UPDATE: Nur Hussein Ghazali is reporting that two demonstrators in Baghdad have been killed and two others wounded in “intensive” live fire as marchers headed for the Green Zone from Tahrir Square.

(For updated coverage from demonstrations across Iraqi, you can access Gorillas Guides reports using this GoogleTranslate link.)

Even with the al Maliki government imposing a curfew on Baghdad, raiding organizers offices, and warning that protests might be the site of car bombs or might be the work of “Saddamists” and “Al Qaeda,” thousands gathered in the streets across Iraq to demand clean water, food, electricity and an end to corruption. The response – not much different from what we’ve seen in Egypt, Bahrain and now Libya which we’ll update shortly.

“We are here for change, to improve the situation of the country. The education system is bad. The health system is also bad. Services are going from bad to worse,” said 27-year-old Lina Ali, part of a protest youth group on Facebook. “There is no drinkable water, no electricity. Unemployment is growing, which can push the youth towards terrorist activities,” she said…

‘Where’s my share in the oil profits?’ one banner read.

“People are hungry. We ask the government to find job opportunities for the young. All my sons are unemployed, I’m here to express the injustice that we live in,” said 52-year-old Um Safa, who walked from Baghdad’s northeastern Sadr City slum to Tahrir Square in the centre to take part in the protests.

In Baghdad, entrances to Tahrir Square were blocked by security forces and a concrete blast wall was constructed across the bridge that leads to the Green Zone.

Many said they were shocked by the “indefinite” curfew on cars and bikes imposed late Thursday night, saying the government’s attempts to prevent them from demonstrating only motivated them more.

“The government is afraid of the nation!” said engineer Sbeeh Noman, who said he walked 12 miles to reach the square. “They have found out that the people have the real power. We have it.”

There are twitter reports that photographers from Reuters and AFP were arrested and Hamzoz, an activist who has been providing video and photos of the protests in Baghdad called in these reports: (follow Hamzoz here)

Translation:

I am @Hamzoz from Baghdad. Protesters in Tahrir Sqare today were in thousands. But now People are getting exposed to sonic grenades and are getting beaten up by army. And right now, there is a Campaign of mass arrests throughout north of Baghdad. They are arresting some of the protesters and journalists who were covering the scenes. Translation:

I am @Hamzoz from Baghdad, Iraq. Please deliver our voices. The Secret service and army cars are still roaming the streets of Baghdad, and are still detaining people. Currently, three journalists who happen to be friends of mine are arrested. They are starting to arrest protesters in Tahrir Sqare. Please help us.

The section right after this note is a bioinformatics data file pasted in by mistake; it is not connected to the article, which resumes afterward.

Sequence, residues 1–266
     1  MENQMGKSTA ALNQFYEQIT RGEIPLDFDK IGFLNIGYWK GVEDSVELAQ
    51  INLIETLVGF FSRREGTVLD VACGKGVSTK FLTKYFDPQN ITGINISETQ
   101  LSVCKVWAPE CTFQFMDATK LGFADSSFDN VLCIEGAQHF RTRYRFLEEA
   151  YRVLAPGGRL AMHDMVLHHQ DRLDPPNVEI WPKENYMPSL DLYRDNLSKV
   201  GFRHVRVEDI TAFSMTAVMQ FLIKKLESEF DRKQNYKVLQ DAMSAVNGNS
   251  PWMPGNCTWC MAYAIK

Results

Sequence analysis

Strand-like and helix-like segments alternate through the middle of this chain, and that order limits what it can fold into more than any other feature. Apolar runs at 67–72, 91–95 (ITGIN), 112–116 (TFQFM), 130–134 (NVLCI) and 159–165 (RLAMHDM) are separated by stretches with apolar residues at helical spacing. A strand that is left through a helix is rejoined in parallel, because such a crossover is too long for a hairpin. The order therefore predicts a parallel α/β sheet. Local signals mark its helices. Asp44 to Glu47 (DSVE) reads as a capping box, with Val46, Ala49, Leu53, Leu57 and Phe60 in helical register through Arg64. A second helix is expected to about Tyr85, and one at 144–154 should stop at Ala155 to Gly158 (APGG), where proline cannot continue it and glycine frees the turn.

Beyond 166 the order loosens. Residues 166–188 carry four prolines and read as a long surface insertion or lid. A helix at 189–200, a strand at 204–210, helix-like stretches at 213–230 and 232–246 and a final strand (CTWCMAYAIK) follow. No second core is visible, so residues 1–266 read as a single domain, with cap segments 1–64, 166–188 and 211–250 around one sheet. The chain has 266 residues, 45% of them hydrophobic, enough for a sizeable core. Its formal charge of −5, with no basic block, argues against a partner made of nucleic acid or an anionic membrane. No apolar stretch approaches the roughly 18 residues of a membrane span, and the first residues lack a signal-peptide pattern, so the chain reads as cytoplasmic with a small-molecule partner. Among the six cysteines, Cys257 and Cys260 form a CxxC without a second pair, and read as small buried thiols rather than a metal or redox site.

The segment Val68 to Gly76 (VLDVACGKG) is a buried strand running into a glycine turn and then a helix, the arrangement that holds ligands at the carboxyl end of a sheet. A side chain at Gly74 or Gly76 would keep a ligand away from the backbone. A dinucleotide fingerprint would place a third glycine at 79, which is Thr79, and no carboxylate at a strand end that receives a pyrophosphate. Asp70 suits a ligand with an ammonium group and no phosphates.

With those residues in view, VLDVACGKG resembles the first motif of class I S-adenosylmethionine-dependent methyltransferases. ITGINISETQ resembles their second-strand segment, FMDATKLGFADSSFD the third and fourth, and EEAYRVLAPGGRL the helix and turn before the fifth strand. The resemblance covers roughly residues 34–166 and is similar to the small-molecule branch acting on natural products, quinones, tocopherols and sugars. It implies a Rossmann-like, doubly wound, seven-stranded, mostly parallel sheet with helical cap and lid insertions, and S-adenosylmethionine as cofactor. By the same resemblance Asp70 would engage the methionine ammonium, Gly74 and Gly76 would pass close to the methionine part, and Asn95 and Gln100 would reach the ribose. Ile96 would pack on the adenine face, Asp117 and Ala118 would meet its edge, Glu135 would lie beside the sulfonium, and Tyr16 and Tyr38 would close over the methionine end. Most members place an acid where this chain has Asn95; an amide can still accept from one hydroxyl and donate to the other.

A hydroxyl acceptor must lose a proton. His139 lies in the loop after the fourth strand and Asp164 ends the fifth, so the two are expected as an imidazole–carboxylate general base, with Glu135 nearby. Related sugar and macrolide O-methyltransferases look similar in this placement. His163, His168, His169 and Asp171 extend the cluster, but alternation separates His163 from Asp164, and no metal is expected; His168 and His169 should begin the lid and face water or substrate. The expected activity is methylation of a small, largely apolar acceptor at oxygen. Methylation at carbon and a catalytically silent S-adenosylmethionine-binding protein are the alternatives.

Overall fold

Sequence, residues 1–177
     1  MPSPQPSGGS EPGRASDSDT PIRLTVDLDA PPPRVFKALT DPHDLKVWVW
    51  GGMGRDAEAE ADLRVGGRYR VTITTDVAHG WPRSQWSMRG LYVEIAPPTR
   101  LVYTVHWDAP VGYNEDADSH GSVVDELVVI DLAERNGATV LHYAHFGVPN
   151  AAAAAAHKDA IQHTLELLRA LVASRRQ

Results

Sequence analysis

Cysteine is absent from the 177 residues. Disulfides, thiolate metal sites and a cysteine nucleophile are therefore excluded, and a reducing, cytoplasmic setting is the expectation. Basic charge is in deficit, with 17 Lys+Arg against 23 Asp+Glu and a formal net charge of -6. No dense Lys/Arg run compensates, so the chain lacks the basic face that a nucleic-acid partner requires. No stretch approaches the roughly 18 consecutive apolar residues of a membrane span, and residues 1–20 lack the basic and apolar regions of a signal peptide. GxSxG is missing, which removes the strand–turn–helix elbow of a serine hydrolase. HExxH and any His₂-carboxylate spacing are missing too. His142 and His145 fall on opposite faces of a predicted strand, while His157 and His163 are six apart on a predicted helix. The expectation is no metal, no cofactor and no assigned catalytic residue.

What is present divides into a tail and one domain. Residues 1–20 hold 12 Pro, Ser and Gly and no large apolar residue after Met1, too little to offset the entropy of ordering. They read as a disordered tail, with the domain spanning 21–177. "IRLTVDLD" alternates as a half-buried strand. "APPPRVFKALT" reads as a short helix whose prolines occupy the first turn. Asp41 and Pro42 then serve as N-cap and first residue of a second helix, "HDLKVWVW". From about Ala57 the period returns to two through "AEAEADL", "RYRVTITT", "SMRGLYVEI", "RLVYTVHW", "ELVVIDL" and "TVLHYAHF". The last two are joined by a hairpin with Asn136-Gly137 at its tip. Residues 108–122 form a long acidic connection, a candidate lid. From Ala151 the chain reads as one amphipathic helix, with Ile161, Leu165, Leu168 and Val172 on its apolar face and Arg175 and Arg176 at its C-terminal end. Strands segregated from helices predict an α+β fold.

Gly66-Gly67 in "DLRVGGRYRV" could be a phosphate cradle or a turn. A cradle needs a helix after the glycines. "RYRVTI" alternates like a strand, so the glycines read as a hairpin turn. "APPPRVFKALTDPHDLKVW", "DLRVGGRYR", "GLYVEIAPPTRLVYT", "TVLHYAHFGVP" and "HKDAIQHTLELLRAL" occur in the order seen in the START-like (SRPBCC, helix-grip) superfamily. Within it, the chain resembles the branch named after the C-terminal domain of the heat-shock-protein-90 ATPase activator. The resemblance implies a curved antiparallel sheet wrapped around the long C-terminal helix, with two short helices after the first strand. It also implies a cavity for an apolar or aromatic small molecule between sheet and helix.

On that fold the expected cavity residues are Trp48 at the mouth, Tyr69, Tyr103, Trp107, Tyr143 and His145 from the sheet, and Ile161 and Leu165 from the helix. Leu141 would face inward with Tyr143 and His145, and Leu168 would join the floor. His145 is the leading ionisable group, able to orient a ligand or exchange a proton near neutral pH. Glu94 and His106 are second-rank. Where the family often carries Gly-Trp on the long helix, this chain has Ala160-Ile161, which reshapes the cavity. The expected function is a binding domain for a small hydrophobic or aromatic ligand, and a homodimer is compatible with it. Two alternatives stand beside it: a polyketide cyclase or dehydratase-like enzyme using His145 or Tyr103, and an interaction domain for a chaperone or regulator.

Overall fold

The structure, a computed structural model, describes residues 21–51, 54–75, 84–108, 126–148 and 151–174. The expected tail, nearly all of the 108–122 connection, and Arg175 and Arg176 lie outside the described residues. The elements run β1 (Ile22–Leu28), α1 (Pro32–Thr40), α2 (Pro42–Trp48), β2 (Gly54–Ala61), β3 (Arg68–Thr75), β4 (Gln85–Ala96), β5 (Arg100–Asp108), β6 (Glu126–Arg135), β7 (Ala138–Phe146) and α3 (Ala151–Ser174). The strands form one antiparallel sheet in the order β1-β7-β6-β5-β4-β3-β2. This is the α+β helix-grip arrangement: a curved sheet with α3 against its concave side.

Deutsche Presse confirms Hamzoz’s report saying. . . . [cont'd. after jump]

Journalists and photographers were reportedly among those detained, after security forces confiscated their cameras.

Prime Minister Nuri al-Maliki’s government has come under criticism for using force against demonstrators and banning live media coverage of the protests.

The United States-based Human Rights Watch said that Iraqi police allowed assailants to beat and stab protesters earlier this week in Baghdad’s Tahrir Square.

The rights group said they also observed Iraqi security forces intimidating protesters and preventing Iraqi journalists from filming or taking photos of the protests.

The France-based Reporters Without Borders also condemned Iraqi authorities for banning live satellite television coverage of the demonstration in Tahrir Square.

Here’s a sampling of reports from across Iraq by Aswat Al Iraq:

Fallujah:

Sixteen demonstrators in al-Falluja were wounded in a random shooting by security forces after they stormed a government compound in the city, an informed source said… “Security forces opened fire randomly at the protesters, leaving 16 wounded,” he added.

Mosul:

The final count of casualties resulting from Friday’s demonstrations in Mosul city is five deaths and 15 wounded, according to a local security source in Ninewa…

“The injuries were the result of shooting, shrapnel and stun bombs,” he added, not giving further details.

Salah AlDin:

Five protestors were wounded in clashes .. “More than 250 protestors attempted to enter the Soliman Bek council in Touz Khourmato, east of Tikrit, and clashed with security forces, during which five protestors were wounded,” the source told Aswat al-Iraq news agency.
A source had said earlier that scores of protestors went to streets in Soliman Bek district, calling for fighting administrative corruption and improving services.

From the Green Zone, we learn that:

A spokesman for the U.S. Embassy in Baghdad downplayed the violence and the impact of the curfew, saying that Iraq’s security forces “generally have not used force against peaceful protesters.”

“We support the Iraqi people’s right to freely express their political views, to peacefully protest, and seek redress from their government; this has been our consistent message in Iraq and throughout the region,” said the spokesman, Aaron Snipe.

With at least 13 protesters killed, scores injured and beaten and journalists arrested and blocked from covering the events, really Mr. Snipe?